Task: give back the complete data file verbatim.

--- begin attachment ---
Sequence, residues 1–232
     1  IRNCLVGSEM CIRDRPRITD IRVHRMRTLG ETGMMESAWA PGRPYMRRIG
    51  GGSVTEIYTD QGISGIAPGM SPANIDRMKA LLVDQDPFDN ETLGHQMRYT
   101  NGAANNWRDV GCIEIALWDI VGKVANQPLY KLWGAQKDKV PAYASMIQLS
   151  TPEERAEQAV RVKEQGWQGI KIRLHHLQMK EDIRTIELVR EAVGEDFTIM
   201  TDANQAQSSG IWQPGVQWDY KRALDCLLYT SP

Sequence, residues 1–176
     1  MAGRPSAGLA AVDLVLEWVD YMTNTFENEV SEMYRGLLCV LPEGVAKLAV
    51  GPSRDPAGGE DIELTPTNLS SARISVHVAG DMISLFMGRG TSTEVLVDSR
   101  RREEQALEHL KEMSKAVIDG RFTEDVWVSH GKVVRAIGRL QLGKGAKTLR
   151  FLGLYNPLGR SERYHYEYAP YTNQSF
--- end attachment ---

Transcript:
Sequence, residues 1–232
     1  IRNCLVGSEM CIRDRPRITD IRVHRMRTLG ETGMMESAWA PGRPYMRRIG
    51  GGSVTEIYTD QGISGIAPGM SPANIDRMKA LLVDQDPFDN ETLGHQMRYT
   101  NGAANNWRDV GCIEIALWDI VGKVANQPLY KLWGAQKDKV PAYASMIQLS
   151  TPEERAEQAV RVKEQGWQGI KIRLHHLQMK EDIRTIELVR EAVGEDFTIM
   201  TDANQAQSSG IWQPGVQWDY KRALDCLLYT SP

Sequence, residues 1–176
     1  MAGRPSAGLA AVDLVLEWVD YMTNTFENEV SEMYRGLLCV LPEGVAKLAV
    51  GPSRDPAGGE DIELTPTNLS SARISVHVAG DMISLFMGRG TSTEVLVDSR
   101  RREEQALEHL KEMSKAVIDG RFTEDVWVSH GKVVRAIGRL QLGKGAKTLR
   151  FLGLYNPLGR SERYHYEYAP YTNQSF